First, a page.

Primal Marketing: How to tap into the primitive brains of your audience

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Technology may have evolved but the basics of marketing remain the same. Here are five ways you can appeal to your audience’s basic instincts.

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Aim for the gut reaction

Gut reactions happen in 3 seconds or less, so you have that long to get someone scanning their inbox to want to open your email. Use email subject lines or advertisement straplines to get your point across at an emotional level by choosing words that create excitement, urgency or even low-grade anxiety. Headlines that include keywords like ideas, tricks and quick have 22% higher click-through rates according to research by Outbrain.

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Tell a story

One of the best ways you can create a positive connection is by telling a story. Humans have always loved stories and storytelling makes an emotional appeal which can in turn influence behaviour. Stories are what people remember. Even when they forget names and faces, they rarely forget the story and how it made them feel.

You can tell your own story or just as easily give others the tools to tell their story on your behalf. Think Coca-Cola’s ‘Share a Coke’ campaign which encouraged consumers to share stories of friendship, or invest in experiential marketing to encourage your audience to share their “wow” moments.

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Paint a picture with visuals

Humans are hardwired to be visual creatures, with images being processed by the brain 60,000 times faster than information received in text form. We remember pictures with text more than text alone and the primitive brain is especially drawn to images of danger, sex and food.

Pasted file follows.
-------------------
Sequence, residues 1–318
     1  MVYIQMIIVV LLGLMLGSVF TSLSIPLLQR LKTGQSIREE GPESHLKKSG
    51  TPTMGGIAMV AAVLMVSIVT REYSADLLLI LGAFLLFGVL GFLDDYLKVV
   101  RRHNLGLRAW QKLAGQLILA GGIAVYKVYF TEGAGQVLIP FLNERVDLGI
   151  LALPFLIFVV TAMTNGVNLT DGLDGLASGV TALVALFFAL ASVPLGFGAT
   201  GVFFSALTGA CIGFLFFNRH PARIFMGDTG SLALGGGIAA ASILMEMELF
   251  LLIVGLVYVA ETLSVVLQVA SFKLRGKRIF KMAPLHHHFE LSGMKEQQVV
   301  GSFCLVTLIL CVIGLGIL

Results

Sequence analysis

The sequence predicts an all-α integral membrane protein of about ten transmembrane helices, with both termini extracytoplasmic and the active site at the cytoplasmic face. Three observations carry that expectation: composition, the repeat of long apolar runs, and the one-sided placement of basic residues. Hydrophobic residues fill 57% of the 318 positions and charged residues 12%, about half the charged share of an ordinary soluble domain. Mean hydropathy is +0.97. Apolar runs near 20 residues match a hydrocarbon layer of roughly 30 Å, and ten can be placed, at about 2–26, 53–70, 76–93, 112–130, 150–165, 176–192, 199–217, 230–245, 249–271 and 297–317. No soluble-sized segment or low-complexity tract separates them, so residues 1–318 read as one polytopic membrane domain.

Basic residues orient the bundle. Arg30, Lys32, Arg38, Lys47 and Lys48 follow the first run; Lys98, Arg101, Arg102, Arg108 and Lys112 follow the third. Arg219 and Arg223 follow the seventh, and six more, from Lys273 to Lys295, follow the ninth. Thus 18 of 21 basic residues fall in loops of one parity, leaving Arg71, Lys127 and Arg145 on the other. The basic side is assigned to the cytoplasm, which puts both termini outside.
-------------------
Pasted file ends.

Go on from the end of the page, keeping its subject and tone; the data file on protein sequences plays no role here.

Email subject lines that promise video content have click-through rates 27% higher than average, according to a 2014 report by Outbrain. Meanwhile, Google reports an 800% increase in searches for the term ‘infographic’ over the last two years, with the hashtag #infographic also being used 342,000 times per month on average.

Choose the right colour

Colour is intrinsic to decision making, with brand colours helping to cultivate sentiment. According to Satyendra Singh of the University of Winnipeg, Canada, 62-90% of a consumer’s feeling about a product is determined by colour alone.

Yellow activates anxiety, meaning it’s useful for motivating the consumer to take action; blue builds trust so is commonly uses for banks and legal institutions; red meanwhile stimulates the fight or flight response and focuses attention.

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Appeal to emotions

Natural selection favoured humans who were able to quickly identify threats and build relationships. We’re all able to do that today by simply reading facial expressions. Images of faces touch the brain’s emotional receptors and build trust, so using images of people in your marketing efforts grabs attention.

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